DUBAI // Dubai is to triple its bus service amid concerns people will not use the new metro system if they have to walk to stations. The Roads and Transport Authority (RTA) yesterday said it would increase its bus fleet to 2,000 from 600 by the time the Red Line opened in September. It will also raise the number of bus stops to 1,500 from 500 by 2010, putting every resident within a stone's throw of an air-conditioned shelter.
The RTA acknowledges people are unlikely to use the Dh15.5 billion (US$4.2bn) driverless metro system if they had to walk more than a few minutes to a station, particularly in summer months. "People say they like the idea of the metro, but that they live far away from it and do not want to walk a long time, especially in the summer," an RTA spokesman said yesterday. "We have planned it so that from anywhere in Dubai you will be no more than 400 metres from an air-conditioned bus stop, which is walkable in any temperature. The structure of public transport will be like the skeleton of a fish, with the metro as the backbone and the bus routes as the bones coming away from it."
People living in Dubai said they would be wary of giving up their cars for the metro if the additional bus routes were not in place. "I live more than a kilometre from the metro line and it would be too far to walk in the summer," said Dylan Reedie, 32, who lives in Al Barsha. "If there's a bus every five minutes I'd definitely consider it, as the traffic can be really bad getting to work, but I'll probably wait and see how smoothly it all fits together before giving up the car for good."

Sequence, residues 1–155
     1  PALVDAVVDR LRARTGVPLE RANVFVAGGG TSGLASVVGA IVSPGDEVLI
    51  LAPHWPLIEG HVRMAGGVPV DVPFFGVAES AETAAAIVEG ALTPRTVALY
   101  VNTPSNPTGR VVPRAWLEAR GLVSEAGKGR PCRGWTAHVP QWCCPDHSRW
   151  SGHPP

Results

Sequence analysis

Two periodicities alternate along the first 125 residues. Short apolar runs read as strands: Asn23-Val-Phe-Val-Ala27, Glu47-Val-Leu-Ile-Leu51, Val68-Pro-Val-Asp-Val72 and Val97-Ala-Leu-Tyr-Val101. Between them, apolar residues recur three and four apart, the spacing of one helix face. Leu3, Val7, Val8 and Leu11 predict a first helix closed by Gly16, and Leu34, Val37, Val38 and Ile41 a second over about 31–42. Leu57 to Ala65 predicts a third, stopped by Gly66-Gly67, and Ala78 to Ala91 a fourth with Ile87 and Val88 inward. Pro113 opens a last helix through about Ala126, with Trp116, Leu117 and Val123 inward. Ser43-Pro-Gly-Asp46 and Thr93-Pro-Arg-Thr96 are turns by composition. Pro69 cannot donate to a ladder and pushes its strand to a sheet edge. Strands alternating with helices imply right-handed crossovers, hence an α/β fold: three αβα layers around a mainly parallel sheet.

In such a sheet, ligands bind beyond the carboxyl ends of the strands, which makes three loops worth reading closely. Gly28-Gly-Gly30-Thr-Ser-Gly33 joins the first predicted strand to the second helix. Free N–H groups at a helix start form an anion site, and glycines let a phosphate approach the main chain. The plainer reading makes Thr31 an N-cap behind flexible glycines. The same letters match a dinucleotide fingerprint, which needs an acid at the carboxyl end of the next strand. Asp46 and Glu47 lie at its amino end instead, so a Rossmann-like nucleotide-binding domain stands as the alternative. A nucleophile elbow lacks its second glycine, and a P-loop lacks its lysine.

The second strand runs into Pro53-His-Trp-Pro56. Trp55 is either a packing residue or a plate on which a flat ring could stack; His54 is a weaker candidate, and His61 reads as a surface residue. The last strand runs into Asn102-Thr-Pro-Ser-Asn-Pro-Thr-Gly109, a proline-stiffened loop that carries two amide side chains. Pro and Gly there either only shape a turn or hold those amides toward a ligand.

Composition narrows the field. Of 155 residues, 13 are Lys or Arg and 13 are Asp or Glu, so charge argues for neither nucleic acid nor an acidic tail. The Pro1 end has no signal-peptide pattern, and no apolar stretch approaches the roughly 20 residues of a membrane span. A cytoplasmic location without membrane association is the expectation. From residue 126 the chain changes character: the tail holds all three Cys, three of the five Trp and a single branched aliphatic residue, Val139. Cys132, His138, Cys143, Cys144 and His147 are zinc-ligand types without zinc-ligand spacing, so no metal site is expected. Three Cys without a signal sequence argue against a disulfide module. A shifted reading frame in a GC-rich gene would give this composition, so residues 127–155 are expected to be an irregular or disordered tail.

The design of the crescent-shaped bus shelters, which feature vending machines, ATMs, and a button allowing passengers to signal to the bus driver that they are inside without having to step out of the air-conditioning, was recently commended at the Gulf Engineering Forum in Qatar, where the RTA was given the Gulf Engineers Excellence and Creativity Award. "They are designed to keep in mind the heritage of the region, but the award was not just for how they look - it is for all the other aspects which will help encourage people to use them," the RTA spokesman said.
"They and the buses have been specifically designed for Dubai to make them convenient for users - some will have coffee shops and wi-fi access. They are state-of-the-art. "This is a public-private partnership; the land is owned by the RTA but the shelters are being built and operated by private companies. We are starting to do a lot more of our projects in this way, both to help stimulate the economy and to involve the private sector more in the development of Dubai."
The metro's 52km Red Line, which stretches the length of Sheikh Zayed Road between Al Rashidiya and Jebel Ali, is expected to carry about 27,000 passengers an hour in each direction on 42 trains, stopping at Burj Dubai and Internet City among other stations. firstname.lastname@example.org